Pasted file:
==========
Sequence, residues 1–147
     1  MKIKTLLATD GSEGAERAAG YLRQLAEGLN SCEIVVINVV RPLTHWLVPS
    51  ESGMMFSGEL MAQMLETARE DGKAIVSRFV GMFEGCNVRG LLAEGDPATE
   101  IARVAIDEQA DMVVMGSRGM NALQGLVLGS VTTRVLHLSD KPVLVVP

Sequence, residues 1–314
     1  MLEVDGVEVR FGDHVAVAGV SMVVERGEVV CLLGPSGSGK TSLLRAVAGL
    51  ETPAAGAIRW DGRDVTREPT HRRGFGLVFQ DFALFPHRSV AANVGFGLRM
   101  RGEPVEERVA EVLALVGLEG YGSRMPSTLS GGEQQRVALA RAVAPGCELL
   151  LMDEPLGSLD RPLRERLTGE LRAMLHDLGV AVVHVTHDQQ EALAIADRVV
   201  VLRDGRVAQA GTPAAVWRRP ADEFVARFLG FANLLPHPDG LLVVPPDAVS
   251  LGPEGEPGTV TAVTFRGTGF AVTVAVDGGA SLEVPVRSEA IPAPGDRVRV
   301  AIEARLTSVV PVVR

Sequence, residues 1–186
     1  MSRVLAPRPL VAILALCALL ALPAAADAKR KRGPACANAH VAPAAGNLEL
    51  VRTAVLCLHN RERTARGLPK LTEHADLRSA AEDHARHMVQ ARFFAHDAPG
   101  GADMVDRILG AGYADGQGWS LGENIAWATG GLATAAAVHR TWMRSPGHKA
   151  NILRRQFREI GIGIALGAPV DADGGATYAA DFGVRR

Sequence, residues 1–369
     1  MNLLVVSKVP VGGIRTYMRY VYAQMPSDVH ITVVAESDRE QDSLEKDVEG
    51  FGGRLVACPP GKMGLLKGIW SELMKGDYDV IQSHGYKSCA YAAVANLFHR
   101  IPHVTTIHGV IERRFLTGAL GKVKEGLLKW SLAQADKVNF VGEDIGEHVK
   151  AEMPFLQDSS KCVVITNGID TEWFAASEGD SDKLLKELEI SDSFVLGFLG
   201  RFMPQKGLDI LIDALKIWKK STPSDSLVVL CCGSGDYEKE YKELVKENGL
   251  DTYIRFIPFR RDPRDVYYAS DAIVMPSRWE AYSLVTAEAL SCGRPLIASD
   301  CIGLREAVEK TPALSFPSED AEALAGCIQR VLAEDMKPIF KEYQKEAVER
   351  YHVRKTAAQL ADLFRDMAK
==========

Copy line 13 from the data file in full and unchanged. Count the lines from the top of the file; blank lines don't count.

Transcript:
Sequence, residues 1–186